Built to Last
Like the Bauhaus artists who inspire him, Michael Heltzer has struggled to reconcile the creative and the practical. As an undergraduate he studied philosophy, then at Harvard University he pursued a master’s in theater arts. But the life of a playwright wasn’t for him, and he left Harvard to earn a law degree at Northwestern. While practicing law Heltzer enrolled in woodworking classes at the School of the Art Institute, and before long he discovered a passion for designing and building furniture. Now, ten years later, Heltzer runs a thriving business in handcrafted furniture, supervising a crew of 20 artisans in the former candy factory near Lawrence and Ravenswood that also serves as his home. In 1998 Heltzer & Associates grossed nearly $4 million, and it’s growing at an annual rate of more than 20 percent.
Last spring Heltzer took the bold step of opening a 4,500-square-foot showroom at the Merchandise Mart, where he occupies a prime corner penthouse space with high ceilings and lots of windows. “Merchandise Mart management wanted to give this choice site to a local designer,” says Heltzer, “and I was happy to get it. This is how I present my design vision to the industry.” But the showroom is also a huge investment: it rents for nearly $10,000 a month, and Heltzer had to hire sales staff. Judith Simon, former director of Klein Art Works, agreed to manage the showroom, hoping to make better use of her MBA: “Now I can help Michael with his marketing and sales analysis, among other things.”
Interior designers typically cite the simple beauty of Heltzer’s furniture as a major selling point. “I grew up in the midwest,” Heltzer explains, “so I think I naturally gravitated toward a certain simplicity in my designs.” He’s distinguished himself from his peers by working with metal (especially brushed stainless steel), marble, glass, and even concrete. “Back in the late 1980s there weren’t many furniture designers working in metal.” The Heltzer collection contains 180 different pieces, and now that he’s established the showroom, Heltzer wants to concentrate on adding new designs. Last year he introduced 20 pieces, and this year he plans to add another 40.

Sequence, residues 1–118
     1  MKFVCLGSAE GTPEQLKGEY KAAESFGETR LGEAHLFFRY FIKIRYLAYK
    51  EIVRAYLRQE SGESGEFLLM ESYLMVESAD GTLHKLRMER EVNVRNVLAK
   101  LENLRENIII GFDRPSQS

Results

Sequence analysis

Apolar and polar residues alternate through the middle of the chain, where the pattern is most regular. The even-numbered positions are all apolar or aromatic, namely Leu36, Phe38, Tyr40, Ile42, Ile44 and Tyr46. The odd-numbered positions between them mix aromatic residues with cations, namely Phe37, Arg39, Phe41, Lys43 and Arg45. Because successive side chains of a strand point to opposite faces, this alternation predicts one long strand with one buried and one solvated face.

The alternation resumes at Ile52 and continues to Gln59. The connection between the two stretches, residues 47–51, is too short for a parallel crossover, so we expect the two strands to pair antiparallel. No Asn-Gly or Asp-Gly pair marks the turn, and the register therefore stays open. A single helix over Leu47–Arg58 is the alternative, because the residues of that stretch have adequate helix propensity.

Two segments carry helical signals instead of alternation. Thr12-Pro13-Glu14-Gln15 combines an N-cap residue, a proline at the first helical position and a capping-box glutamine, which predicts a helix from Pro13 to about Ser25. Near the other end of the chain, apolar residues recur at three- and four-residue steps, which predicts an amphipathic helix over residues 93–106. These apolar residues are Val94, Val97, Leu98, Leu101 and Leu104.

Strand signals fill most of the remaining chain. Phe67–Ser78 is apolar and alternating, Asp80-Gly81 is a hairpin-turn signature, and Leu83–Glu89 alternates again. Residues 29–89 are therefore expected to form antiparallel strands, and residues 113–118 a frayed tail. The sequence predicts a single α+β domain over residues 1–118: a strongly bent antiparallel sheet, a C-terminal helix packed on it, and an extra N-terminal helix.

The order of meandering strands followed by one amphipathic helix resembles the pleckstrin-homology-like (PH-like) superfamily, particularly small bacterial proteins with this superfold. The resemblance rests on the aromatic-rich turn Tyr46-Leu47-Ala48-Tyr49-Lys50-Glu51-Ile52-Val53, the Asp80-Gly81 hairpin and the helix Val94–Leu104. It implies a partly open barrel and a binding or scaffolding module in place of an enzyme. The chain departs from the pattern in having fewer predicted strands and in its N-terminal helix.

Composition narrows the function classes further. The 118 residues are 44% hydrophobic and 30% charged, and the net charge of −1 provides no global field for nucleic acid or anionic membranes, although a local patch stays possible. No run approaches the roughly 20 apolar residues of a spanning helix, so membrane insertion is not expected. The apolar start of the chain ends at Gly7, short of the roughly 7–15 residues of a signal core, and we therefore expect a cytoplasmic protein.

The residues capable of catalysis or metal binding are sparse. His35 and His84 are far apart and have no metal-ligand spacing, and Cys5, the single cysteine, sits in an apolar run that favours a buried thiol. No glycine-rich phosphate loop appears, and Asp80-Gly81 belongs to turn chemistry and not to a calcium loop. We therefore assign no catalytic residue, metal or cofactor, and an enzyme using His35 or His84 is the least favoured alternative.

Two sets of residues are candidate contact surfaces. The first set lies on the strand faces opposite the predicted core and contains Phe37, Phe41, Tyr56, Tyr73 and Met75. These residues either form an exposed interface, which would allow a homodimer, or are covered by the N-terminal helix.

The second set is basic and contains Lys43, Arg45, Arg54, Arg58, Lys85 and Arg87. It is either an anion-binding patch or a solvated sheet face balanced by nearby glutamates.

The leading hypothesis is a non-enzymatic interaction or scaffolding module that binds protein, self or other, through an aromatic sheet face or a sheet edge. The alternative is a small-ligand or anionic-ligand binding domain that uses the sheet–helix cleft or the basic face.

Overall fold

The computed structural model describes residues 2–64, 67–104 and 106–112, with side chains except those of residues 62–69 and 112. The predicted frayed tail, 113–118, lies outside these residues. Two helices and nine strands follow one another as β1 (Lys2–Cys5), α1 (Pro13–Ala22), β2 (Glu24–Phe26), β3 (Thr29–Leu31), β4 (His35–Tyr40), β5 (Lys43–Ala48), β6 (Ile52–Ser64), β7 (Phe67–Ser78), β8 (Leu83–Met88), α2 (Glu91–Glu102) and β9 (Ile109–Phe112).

Those who’ve watched the Heltzer aesthetic evolve think he’ll have no problem sustaining the showroom.
Blackman by the Bay
Thomas Blackman, who orchestrated the enormous Art 1998 Chicago, is feeling some growing pains after trying to duplicate that success in San Francisco. A few years ago Blackman’s Navy Pier exposition edged out the last of his local competitors, and last year’s event drew 200 exhibitors and 37,000 attendees. The first annual San Francisco International Art Exhibition took place last October at Fort Mason Center, a shipping pier overlooking San Francisco Bay and the Golden Gate Bridge. Blackman invested a great deal of time and manpower in the project, moving his family out to San Francisco early last year and ex-porting staffers from the Chicago office of Thomas Blackman Associates Inc. to work on the event. He sank a significant amount of cash into booth walls and electrical systems, hoping to lower setup costs for exhibitors at both fairs in years to come. “This was the first fair we had ever mounted outside Chicago,” notes Blackman, who admitted that his organization was under considerable pressure leading up to the San Francisco show.
Apparently the pressure was too great. Margaret Drewyer, a vice president at Blackman Associates, and Amy Theobald, who curated exhibits and oversaw fair catalogs, have both left the company in the last few months, reportedly because of tensions surrounding the San Francisco fair. Drewyer could not be reached for comment; Theobald said that after two years with Blackman “it was the right time” for her to move on to personal projects. The San Francisco fair attracted 100 exhibitors, but only 15 of them were from outside the U.S. “We had hoped for a larger international representation,” admits Blackman, though he believes that number will rise as the fair becomes better known. About 14,000 people attended, more than the 12,000 Blackman had projected but only about a third of the number that turned up in Chicago.
Livent Watch ’99
The holidays brought more bad tidings for Livent Inc., the bankrupt theatri-cal production company that rehabbed the Oriental Theatre. U.S. and Canadian courts have approved more than $24 million in emergency funding from the investment firm Angelo, Gordon & Company, which should buy time for Livent to reorganize its finances, but Livent has yet to release its third-quarter financial results or say when it will do so. And Parade, the dour new musical Livent coproduced with Lincoln Center Theater, opened last month to mixed reviews; the New York Times was only lukewarm.
More ominous, though, is the ticket discounting for the New York and Chicago productions of Ragtime, which suggests that Livent is desperate to preserve one of its few remaining revenue centers. In New York, $75 orchestra seats are going for $50, and $40 rear balcony seats have been marked down to $30. In Chicago, Livent is offering student rush tickets Tuesday through Thursday for $25 at the box office, and seniors can buy up to four tickets at the same price over the telephone.
Art accompanying story in printed newspaper (not available in this archive): photo/J.B. Spector.